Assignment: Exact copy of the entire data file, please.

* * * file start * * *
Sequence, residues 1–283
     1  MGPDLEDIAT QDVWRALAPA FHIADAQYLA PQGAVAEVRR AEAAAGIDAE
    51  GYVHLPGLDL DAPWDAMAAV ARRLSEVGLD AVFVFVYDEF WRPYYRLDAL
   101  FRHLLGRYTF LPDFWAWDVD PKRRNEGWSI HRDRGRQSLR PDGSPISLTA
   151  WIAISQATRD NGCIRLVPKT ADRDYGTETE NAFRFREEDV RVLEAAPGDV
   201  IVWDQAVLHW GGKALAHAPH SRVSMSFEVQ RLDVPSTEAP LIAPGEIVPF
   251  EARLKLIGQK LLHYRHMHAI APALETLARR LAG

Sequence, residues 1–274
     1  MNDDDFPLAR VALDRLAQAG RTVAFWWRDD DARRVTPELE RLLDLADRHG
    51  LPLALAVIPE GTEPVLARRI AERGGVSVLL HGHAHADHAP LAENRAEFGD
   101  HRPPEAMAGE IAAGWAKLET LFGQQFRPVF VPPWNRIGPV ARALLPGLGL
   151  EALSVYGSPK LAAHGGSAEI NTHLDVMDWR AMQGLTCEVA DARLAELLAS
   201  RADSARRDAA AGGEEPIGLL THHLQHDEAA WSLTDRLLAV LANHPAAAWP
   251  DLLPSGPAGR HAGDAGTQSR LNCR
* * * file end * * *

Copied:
Sequence, residues 1–283
     1  MGPDLEDIAT QDVWRALAPA FHIADAQYLA PQGAVAEVRR AEAAAGIDAE
    51  GYVHLPGLDL DAPWDAMAAV ARRLSEVGLD AVFVFVYDEF WRPYYRLDAL
   101  FRHLLGRYTF LPDFWAWDVD PKRRNEGWSI HRDRGRQSLR PDGSPISLTA
   151  WIAISQATRD NGCIRLVPKT ADRDYGTETE NAFRFREEDV RVLEAAPGDV
   201  IVWDQAVLHW GGKALAHAPH SRVSMSFEVQ RLDVPSTEAP LIAPGEIVPF
   251  EARLKLIGQK LLHYRHMHAI APALETLARR LAG

Sequence, residues 1–274
     1  MNDDDFPLAR VALDRLAQAG RTVAFWWRDD DARRVTPELE RLLDLADRHG
    51  LPLALAVIPE GTEPVLARRI AERGGVSVLL HGHAHADHAP LAENRAEFGD
   101  HRPPEAMAGE IAAGWAKLET LFGQQFRPVF VPPWNRIGPV ARALLPGLGL
   151  EALSVYGSPK LAAHGGSAEI NTHLDVMDWR AMQGLTCEVA DARLAELLAS
   201  RADSARRDAA AGGEEPIGLL THHLQHDEAA WSLTDRLLAV LANHPAAAWP
   251  DLLPSGPAGR HAGDAGTQSR LNCR